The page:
A system and method for detecting and encoding noise detects noise in a frame by calculating the variance of at least one macroblock luminance block, calculating the minimum of the variances, calculating the Log2 of the minimum of these results, calculating a running sum of the Log2 calculations, and comparing the running sum to a noise threshold. If the running sum is greater than a noise threshold, then the current frame is assumed to contain noise. The system and method may also assume that a current frame contains noise if the previous frame contained noise.

If a current frame contains noise, then the noise in the frame may be encoded by using a high quantiser scale that achieves the target of reducing the peak bit rate. In one embodiment, if the current frame contains noise, then the noise in the frame is encoded by using the maximum value in a given quantiser scale table, such as quantiser_scale=112. The frame may also be encoded by removing at least one high DCT frequency from a noise block by using a DCT filter.

Thus, the system and method of the present invention advantageously handle and encode noise as soon as possible and enable the invention to reduce the peak bit rate to prevent buffer overflows and to prevent encoder hardware from halting. The present invention also advantageously detects noise within one frame of time during a single pass.

These and other advantages, aspects and novel features of the present invention, as well as details of an illustrated embodiment thereof, will be more fully understood from the following description and drawings.

BRIEF DESCRIPTION OF THE DRAWINGS

The accompanying drawings, which are incorporated herein and form a part of the specification, illustrate the present invention and, together with the description, further serve to explain the principles of the invention and to enable a person skilled in the pertinent art to make and use the invention.

FIG. 1 is a block diagram of a prior art video encoder.

FIG. 2 is a block diagram of a video encoder constructed and operative in accordance with a preferred embodiment of the invention.

FIG. 3 is a flow chart of a method for detecting noise in accordance with one embodiment of the present invention.

FIG. 4 is a flow chart of one embodiment of a method for encoding noise if the running sum is greater than the noise threshold in accordance with the present invention.

FIG. 5 is a flow chart of a method for encoding noise if the previous frame contained noise in accordance with the present invention.

FIG. 6 is a diagram of a macroblock in accordance with one embodiment of the present invention.

FIG. 7 is a diagram of a DCT domain block in accordance with one embodiment of the present invention.

DETAILED DESCRIPTION OF THE INVENTION

The present invention will now be described in detail with reference to a few preferred embodiments thereof as illustrated in the accompanying drawings. In the following description, numerous specific details are set forth in order to provide a thorough understanding of the present invention. It will be apparent, however, to one skilled in the art, that the present invention may be practiced without some or all of these specific details. In other instances, well known processes or steps have not been described in detail in order not to unnecessarily obscure the present invention.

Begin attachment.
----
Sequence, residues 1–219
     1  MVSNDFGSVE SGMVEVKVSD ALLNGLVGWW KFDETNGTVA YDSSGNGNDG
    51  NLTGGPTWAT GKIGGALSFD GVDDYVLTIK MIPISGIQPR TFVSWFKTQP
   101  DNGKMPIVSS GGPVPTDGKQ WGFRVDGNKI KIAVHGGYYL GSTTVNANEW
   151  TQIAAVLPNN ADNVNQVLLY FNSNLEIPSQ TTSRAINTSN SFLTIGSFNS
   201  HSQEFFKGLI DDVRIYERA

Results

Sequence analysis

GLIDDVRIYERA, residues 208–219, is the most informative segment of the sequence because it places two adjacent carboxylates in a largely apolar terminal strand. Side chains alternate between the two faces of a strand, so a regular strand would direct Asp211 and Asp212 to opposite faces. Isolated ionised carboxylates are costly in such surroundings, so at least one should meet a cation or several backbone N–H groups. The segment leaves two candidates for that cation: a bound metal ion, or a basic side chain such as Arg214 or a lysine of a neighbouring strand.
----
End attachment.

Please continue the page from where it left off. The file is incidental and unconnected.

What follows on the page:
Embodiments of the invention are discussed below with references to FIGS. 2 to 7. However, those skilled in the art will readily appreciate that the detailed description given herein with respect to these figures is for explanatory purposes as the invention extends beyond these limited embodiments.

Referring now to FIG. 2, there is shown a block diagram of one embodiment of a video encoding system 200 constructed and operative in accordance with a preferred embodiment of the invention. Video encoder 200 is a parallel digital processor, such as the BCM7040 Single Channel MPEG encoder or the BCM7041 Dual Channel MPEG encoder produced by Broadcom Corporation of Irvine, Calif., designed for the purposes of real-time video/audio compression and multiplexing, such as for MPEG encoding and the like. Encoder 200 can be incorporated in a single chip and installed in digital camcorders, recordable digital video disk (DVD), game machines, desktop multimedia, video broadcast equipment, video authoring systems, video streaming and video conferencing equipment, security and surveillance systems, and the like. The present invention overcomes the disadvantage of the prior art by providing a novel approach to video/audio compression and encoding, and, as per this approach, a novel method for detecting and encoding noise.

Encoder 200 includes a video input processor 202, a global controller 204, a motion estimation processor 206, a digital signal processor 208, a memory controller 210, a bitstream processor 212 and a multiplexing processor 214. Encoder 200 is preferably connectable to a video interface 220, an external memory unit 222, a compressed data interface 224, a host interface 226, and an audio interface 228. Typically video interface 220 supplies a digital video signal and audio interface 228 supplies a digital audio signal.

Host interface 226 is typically connected to an external host (not shown) and acts as a user interface between encoder 200 and the user. Host interface 226 provides to encoder 200 microcodes, commands, data parameters and the like received from a user or a supervising system. Host interface 226 also provides information received from encoder 200 to the user. Host interface 226 provides access to the compressed data and is used to provide encoder 200 with uncompressed digitized video and/or audio and/or user data.

In a preferred embodiment of the present invention, encoder 200 is operable either in a programming mode or an operational mode, and is capable of operating in both modes simultaneously.